Coronavirus in California: State Could Take ‘Drastic Action’

Coronavirus in California: State Could Take ‘Drastic Action’

Good morning.

There’s no way around it: California is in a bad spot, and things are likely to get worse before they get better.

The state’s intensive care units could be overloaded by the middle of December, and its hospitals could be dangerously close to full by Christmas, according to sobering projections Gov. Gavin Newsom presented on Monday.

And the strain could be even worse in the hardest-hit areas, like the San Joaquin Valley, which was projected to reach 83 percent of its hospital capacity by Dec. 24.

“If these trends continue, California will need to take drastic action,” Mr. Newsom said in a briefing, adding that more severe restrictions, including full stay-at-home orders, could come within the next couple of days.

One question that continues to loom in the background as Californians navigate the latest Covid surge: Whom will Mr. Newsom choose to replace Vice President-elect Kamala Harris in the Senate?

My colleagues and I reported that Secretary of State Alex Padilla is still the widely recognized front-runner. But the choice is fraught for the governor, who must balance competing, increasingly public pressures.

[Read the full story.]

I spoke to Sonja Diaz, who is founding director of the Latino Policy and Politics Initiative at the University of California, Los Angeles, about why she and others have called on the governor to choose the first Latino senator from a state that is 40 percent Latino.

What’s at stake, she told me, is not just representation of a massive and growing electorate. Choosing a Latino for one of the nation’s most powerful posts would be a first step in reversing decades of what she described as “willful neglect” by California’s politicians.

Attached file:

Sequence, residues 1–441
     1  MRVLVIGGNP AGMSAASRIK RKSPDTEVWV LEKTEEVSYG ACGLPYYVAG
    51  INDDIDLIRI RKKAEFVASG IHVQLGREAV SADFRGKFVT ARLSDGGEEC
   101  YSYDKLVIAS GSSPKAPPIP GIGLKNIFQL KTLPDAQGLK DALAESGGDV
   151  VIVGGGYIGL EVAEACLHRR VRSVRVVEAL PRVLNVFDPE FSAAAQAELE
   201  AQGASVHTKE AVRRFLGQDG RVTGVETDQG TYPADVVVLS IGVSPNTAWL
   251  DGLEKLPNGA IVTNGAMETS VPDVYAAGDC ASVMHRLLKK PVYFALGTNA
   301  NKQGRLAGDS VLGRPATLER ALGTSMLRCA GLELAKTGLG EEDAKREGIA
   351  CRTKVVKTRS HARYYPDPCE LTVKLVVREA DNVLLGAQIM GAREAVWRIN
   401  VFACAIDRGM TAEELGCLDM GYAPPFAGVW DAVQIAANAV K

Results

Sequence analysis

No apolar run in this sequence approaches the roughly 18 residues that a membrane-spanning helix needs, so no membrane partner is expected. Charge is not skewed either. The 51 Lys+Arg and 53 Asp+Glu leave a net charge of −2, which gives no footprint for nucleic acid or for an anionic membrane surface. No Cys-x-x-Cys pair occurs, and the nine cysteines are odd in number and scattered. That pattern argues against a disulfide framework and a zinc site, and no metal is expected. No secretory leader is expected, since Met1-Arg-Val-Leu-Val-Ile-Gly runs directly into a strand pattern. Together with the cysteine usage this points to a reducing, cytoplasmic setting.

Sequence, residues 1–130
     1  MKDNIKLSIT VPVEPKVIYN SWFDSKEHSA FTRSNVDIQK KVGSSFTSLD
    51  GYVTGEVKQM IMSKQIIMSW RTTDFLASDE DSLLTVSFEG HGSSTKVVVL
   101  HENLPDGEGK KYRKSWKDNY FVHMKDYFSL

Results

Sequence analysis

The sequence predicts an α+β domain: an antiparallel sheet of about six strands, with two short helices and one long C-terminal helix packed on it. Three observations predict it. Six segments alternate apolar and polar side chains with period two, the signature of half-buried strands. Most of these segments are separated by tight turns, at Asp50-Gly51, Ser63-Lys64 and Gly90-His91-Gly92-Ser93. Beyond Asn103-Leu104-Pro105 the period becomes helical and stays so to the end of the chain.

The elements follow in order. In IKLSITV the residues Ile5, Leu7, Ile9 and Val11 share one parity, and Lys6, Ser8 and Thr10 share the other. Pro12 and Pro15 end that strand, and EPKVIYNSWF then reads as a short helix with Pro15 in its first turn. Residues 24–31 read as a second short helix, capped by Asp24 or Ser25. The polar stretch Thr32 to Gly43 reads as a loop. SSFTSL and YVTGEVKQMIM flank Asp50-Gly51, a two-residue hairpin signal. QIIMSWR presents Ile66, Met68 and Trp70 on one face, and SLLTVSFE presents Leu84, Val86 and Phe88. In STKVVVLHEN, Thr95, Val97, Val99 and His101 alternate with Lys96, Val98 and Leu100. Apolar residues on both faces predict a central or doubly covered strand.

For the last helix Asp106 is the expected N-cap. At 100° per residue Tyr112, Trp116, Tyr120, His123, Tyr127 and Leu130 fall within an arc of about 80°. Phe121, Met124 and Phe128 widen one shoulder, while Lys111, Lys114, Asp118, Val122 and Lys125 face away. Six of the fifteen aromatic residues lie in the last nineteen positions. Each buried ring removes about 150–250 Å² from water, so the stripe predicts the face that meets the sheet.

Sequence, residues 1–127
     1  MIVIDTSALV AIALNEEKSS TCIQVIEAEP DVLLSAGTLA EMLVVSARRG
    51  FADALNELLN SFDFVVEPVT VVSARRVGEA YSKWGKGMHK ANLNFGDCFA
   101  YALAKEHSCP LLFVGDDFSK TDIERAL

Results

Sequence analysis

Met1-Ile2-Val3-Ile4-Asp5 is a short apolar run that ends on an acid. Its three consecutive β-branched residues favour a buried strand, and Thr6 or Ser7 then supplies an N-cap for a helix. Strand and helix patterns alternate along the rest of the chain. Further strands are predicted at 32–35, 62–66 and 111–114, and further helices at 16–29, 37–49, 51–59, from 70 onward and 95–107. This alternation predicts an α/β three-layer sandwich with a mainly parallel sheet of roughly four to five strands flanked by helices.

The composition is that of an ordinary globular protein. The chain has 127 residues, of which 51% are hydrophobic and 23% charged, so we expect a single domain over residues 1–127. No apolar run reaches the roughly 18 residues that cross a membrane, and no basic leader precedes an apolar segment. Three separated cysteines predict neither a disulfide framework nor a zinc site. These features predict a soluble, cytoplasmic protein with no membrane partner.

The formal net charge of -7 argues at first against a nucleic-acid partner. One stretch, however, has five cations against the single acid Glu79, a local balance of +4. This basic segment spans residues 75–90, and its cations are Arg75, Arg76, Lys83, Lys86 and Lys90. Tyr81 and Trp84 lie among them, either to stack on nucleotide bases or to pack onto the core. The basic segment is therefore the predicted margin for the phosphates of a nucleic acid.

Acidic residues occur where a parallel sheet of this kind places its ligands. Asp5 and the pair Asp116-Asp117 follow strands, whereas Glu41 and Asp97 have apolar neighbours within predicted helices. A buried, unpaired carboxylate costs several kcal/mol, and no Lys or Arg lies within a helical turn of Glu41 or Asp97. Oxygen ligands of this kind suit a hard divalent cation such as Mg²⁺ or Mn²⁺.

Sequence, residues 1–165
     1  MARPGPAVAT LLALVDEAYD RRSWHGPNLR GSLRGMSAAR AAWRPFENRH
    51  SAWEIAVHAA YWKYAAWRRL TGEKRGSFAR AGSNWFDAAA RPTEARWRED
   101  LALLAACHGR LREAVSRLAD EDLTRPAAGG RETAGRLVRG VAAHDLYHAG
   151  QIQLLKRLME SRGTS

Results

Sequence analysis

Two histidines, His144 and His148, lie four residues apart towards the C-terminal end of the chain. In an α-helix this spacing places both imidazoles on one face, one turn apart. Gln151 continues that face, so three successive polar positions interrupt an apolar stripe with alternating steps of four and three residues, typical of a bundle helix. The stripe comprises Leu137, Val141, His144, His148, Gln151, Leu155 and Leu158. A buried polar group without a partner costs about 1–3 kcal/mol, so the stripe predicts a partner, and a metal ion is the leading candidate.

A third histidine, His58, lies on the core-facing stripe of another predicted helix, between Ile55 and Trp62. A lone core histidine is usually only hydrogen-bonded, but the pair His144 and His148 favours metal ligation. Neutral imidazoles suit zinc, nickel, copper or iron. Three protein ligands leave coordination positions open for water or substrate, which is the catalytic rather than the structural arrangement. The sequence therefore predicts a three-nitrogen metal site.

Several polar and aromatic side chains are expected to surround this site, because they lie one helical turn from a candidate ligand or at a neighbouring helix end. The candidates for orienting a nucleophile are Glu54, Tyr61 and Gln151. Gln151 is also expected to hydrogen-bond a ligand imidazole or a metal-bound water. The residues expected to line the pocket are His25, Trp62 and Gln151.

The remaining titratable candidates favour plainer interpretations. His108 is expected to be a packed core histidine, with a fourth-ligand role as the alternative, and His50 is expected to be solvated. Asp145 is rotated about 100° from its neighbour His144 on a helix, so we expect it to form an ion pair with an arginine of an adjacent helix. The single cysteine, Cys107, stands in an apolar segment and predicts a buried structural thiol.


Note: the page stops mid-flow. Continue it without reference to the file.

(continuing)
“The election of Biden and Harris ushers in a new era,” she said, “but it doesn’t negate that the home state of Vice President-elect Harris has never sent a Latino to the Senate.”

The last time California had a Hispanic governor was 1875, when Lt. Gov. Romualdo Pacheco served the remainder of another governor’s term.

[Read an interview with Robert Garcia, Long Beach’s mayor and a recently emerged contender.]

Now, Ms. Diaz said, as America’s white population ages and requires the services of people who are more often workers of color, it is imperative to have leaders who will fight for policies that will ensure those workers have equitable access to resources like education and health care.

That will be especially true after the pandemic, which has taken an outsize toll on Latino workers and communities, she said.


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